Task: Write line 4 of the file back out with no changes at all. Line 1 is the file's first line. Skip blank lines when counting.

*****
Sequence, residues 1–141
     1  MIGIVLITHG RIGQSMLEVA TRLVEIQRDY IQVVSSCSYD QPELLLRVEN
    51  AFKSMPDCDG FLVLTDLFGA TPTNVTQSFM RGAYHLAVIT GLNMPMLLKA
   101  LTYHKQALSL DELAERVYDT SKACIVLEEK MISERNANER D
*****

   101  LTYHKQALSL DELAERVYDT SKACIVLEEK MISERNANER D